Money Troubles Take Personal Toll in Greece - (www.nytimes.com) His face contorted with anguish, Anargyros D. recounted how he had lost everything in the aftermath of the Greek economic collapse — the food-processing factory founded by his father 30 years ago, his house, his car, his Rolex, his pride and now, he said, his will to live. “Many times I have thought of taking my father’s car and driving it into a wall,” he said, declining to give his last name because he was reluctant to draw attention to himself under these circumstances. Hunched over and shaking, he sat last week in the spartan office of Klimaka, a social services organization here that provides help to the swelling numbers of homeless and depressed Greek professionals who have lost their jobs and their dignity. “We were the people in Greece who helped others,” he said. “Now we are asking for help.”

Arrest of IMF chief raises questions about organization‘s leadership amid European debt crisis - (www.washingtonpost.com) The sexual assault charges against Dominique Strauss-Kahn, the head of the International Monetary Fund, have cast uncertainty over global efforts to prevent Europe’s debt crisis from spinning out of control and raise questions about the future of one of the world’s most powerful financial institutions. At the Washington-based IMF, which makes emergency loans to struggling economies, Strauss-Kahn has been a muscular advocate for aiding Greece, Ireland and Portugal as they have fought to avoid insolvency. A default by a developed European economy would shock the global financial markets and endanger the nascent economic recovery in the United States. The IMF on Sunday named Strauss-Kahn’s second-in-command, former banker John Lipsky, as his replacement.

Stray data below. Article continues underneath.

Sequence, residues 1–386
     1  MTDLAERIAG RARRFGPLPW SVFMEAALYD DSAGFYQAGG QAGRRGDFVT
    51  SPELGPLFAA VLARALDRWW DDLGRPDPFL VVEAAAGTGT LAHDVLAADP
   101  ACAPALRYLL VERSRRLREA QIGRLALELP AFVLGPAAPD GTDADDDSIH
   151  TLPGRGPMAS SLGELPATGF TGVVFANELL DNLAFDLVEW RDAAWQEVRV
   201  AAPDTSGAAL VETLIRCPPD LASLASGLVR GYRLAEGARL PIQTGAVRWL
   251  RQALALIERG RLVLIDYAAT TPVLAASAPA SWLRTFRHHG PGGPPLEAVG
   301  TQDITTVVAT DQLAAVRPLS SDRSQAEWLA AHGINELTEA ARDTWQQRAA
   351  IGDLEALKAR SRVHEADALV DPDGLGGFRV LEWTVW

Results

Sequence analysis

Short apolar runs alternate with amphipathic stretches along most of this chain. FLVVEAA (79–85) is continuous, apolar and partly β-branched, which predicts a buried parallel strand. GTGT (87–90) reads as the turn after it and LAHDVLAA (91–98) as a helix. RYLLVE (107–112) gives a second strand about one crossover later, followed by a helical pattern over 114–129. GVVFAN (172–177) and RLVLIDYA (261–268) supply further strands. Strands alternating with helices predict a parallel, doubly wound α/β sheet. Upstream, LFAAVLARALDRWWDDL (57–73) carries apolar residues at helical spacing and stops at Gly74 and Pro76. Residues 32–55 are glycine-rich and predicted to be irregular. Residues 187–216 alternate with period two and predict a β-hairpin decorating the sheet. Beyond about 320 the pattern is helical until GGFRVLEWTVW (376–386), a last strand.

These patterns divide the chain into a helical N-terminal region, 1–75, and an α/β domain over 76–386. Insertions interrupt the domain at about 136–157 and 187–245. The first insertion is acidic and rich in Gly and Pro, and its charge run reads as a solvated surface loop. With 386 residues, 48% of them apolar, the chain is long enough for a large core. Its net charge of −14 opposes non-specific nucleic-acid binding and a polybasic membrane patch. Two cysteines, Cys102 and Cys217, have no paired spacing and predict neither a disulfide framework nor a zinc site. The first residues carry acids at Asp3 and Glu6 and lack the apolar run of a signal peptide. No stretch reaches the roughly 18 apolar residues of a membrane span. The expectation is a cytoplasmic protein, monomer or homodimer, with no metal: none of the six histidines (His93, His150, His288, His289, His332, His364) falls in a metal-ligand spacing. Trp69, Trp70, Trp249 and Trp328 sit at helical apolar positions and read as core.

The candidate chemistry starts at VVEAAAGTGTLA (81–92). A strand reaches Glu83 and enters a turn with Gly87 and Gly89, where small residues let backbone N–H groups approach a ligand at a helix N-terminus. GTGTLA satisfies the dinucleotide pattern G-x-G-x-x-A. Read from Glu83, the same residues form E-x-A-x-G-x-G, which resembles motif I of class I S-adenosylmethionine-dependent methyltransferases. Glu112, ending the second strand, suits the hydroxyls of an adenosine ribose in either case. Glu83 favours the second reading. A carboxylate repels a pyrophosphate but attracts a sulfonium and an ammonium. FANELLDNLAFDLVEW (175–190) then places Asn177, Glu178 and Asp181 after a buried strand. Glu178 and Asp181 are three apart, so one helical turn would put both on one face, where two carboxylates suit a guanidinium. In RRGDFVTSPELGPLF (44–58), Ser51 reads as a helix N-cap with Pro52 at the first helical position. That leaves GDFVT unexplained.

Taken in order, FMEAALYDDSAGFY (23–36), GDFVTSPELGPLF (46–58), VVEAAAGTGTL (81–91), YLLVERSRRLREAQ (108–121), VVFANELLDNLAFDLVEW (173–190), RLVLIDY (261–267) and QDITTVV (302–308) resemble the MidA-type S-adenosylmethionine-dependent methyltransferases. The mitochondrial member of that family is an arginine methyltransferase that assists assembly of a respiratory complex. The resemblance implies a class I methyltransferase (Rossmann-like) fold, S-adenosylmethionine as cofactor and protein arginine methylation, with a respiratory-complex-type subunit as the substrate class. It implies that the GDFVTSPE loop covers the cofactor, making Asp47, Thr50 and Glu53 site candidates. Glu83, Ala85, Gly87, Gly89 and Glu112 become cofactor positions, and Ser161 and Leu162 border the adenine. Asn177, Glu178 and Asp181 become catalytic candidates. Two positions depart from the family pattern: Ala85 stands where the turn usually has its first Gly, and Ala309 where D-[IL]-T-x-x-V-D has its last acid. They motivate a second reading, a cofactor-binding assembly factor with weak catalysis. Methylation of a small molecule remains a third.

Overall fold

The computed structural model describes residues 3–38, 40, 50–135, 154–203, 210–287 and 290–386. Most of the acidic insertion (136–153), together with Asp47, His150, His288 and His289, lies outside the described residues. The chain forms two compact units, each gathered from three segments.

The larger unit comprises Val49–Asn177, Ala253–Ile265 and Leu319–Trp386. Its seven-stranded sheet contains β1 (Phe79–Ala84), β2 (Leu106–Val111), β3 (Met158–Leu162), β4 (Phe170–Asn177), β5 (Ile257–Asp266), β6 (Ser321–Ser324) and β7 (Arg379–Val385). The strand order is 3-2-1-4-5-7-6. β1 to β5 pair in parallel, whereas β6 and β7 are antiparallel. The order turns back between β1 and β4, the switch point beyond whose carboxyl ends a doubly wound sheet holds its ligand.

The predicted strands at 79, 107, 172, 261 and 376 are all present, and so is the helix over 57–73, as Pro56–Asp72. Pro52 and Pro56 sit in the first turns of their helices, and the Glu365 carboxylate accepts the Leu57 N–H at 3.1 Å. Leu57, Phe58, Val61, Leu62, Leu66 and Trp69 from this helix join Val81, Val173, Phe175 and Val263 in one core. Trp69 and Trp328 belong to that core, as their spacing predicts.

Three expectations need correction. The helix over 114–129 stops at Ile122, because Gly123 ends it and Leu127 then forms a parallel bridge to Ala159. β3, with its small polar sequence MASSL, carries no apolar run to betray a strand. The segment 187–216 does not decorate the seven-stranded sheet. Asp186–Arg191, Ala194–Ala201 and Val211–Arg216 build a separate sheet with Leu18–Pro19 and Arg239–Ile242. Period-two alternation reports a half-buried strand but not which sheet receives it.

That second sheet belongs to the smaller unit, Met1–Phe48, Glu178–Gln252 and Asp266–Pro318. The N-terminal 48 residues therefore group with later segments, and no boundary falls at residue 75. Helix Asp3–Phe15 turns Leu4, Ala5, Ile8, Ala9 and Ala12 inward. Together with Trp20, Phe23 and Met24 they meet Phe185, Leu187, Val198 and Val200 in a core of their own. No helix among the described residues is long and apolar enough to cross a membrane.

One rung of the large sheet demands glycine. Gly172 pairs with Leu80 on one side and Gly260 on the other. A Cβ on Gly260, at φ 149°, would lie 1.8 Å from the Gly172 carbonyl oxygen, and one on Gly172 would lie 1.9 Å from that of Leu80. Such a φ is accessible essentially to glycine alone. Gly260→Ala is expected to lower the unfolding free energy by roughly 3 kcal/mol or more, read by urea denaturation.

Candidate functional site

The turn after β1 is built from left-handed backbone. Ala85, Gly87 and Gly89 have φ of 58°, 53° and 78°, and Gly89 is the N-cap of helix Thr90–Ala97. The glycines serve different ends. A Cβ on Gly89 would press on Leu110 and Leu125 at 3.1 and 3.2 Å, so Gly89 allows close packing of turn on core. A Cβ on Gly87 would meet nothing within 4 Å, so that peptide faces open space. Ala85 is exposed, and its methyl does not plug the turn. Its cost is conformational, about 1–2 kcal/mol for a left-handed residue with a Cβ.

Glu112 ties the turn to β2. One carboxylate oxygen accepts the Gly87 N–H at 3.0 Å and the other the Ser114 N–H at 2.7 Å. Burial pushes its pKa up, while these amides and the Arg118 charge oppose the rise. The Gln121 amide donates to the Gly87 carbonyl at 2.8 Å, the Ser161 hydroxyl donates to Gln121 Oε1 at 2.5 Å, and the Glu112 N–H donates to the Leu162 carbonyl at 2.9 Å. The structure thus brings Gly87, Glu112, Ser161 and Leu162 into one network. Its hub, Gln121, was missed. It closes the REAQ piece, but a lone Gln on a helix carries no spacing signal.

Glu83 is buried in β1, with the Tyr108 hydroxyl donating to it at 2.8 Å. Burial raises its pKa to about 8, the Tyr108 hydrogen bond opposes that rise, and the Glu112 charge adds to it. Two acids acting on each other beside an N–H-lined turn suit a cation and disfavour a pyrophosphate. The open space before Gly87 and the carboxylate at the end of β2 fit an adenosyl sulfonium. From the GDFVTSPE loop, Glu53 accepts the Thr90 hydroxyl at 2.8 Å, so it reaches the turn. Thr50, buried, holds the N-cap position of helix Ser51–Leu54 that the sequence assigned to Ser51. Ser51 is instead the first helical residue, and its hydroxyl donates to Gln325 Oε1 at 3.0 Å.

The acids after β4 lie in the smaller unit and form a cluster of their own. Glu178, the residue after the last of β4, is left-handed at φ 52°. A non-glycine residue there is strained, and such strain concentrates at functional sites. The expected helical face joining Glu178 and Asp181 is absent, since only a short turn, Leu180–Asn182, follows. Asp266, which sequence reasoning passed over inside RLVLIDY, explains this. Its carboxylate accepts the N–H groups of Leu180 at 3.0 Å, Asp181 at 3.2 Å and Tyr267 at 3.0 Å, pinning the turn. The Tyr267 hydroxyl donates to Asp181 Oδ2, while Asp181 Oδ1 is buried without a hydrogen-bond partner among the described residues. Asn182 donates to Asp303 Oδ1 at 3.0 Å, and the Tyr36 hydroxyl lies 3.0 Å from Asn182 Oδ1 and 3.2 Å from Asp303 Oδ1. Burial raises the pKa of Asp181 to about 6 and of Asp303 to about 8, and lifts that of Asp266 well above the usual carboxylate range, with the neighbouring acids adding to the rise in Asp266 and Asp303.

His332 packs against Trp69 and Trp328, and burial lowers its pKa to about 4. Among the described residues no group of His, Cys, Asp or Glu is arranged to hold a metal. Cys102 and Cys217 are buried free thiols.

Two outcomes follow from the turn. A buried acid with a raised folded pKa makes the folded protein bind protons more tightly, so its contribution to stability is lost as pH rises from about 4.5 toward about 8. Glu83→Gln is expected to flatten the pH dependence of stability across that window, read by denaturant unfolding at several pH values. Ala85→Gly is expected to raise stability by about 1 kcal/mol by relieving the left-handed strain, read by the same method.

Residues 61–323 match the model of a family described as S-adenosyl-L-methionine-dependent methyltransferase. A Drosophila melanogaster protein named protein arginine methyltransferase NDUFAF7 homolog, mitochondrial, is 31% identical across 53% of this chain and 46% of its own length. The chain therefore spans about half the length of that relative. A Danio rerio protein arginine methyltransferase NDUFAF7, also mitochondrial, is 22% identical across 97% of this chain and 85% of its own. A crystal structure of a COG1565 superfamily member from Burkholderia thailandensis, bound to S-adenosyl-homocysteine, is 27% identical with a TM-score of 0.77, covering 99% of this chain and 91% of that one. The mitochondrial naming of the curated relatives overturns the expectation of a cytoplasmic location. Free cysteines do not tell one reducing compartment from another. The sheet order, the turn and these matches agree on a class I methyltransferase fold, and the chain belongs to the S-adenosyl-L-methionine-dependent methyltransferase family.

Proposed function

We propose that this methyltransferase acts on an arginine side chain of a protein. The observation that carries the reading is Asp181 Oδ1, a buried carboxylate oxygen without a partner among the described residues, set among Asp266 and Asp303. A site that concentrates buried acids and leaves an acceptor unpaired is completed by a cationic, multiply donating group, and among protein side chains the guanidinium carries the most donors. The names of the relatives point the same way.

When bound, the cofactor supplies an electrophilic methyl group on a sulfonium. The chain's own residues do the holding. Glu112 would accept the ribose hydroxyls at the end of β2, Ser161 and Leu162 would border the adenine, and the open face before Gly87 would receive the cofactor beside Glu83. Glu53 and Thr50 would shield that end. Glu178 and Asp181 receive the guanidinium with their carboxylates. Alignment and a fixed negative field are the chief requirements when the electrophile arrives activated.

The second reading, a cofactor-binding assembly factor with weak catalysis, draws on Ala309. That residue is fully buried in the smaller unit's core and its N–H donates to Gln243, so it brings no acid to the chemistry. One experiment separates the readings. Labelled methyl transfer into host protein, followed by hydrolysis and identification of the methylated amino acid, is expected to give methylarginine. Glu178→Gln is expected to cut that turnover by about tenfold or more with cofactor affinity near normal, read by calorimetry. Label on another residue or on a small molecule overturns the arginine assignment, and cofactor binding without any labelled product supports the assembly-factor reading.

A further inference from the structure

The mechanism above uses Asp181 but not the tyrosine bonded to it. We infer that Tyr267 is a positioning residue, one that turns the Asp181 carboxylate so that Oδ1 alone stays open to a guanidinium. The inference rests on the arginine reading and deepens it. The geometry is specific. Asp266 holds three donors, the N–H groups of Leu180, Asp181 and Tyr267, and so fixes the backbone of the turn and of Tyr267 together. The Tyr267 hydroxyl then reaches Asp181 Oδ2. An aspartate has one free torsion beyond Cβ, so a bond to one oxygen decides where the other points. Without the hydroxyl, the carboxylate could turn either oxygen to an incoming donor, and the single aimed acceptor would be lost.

Home Builder Sentiment Stagnates in May - (www.cnbc.com) U.S. homebuilder sentiment was unchanged at low levels in May as on-going foreclosures and tight credit kept buyers reluctant to get into the market, the National Association of Home Builders said Monday. The NAHB/Wells Fargo Housing Market index held at 16, the group said in a statement. Economists polled by Reuters had expected the index to rise to 17. Readings below 50 mean more builders view market conditions as poor than favorable. The index has not been above 50 since April 2006. High gasoline prices further exacerbated consumers' anxiety, NAHB said. "Builder confidence has hardly budged over the past six months as persistent concerns regarding competition from distressed property sales, lack of production credit, inaccurate appraisals, and proposals to reduce government support of housing have continued to cloud the outlook," NAHB chairman Bob Nielsen said in a statement.


Greece to Plead for Aid in Talks Clouded by Strauss-Kahn Arrest - (www.bloomberg.com)

India Inflation Climbs More Than Estimated - (www.bloomberg.com)

Euro Crisis May Hit Eastern European Recovery - (www.bloomberg.com)

Biggest Gasoline Price Rise in Three Years in India May Fuel Inflation - (www.bloomberg.com)

Manufacturing in New York Slows More Than Estimated on Raw-Material Costs - (www.bloomberg.com)

A vocal Fed dissenter prepares to bow out - (www.washingtonpost.com)

Brown Faces Quandary Pushing Taxes as California Revenue Beats Forecasts - (www.bloomberg.com)

Second-Largest U.S. Refinery Threatened as Mississippi Floods In Louisiana - (www.bloomberg.com)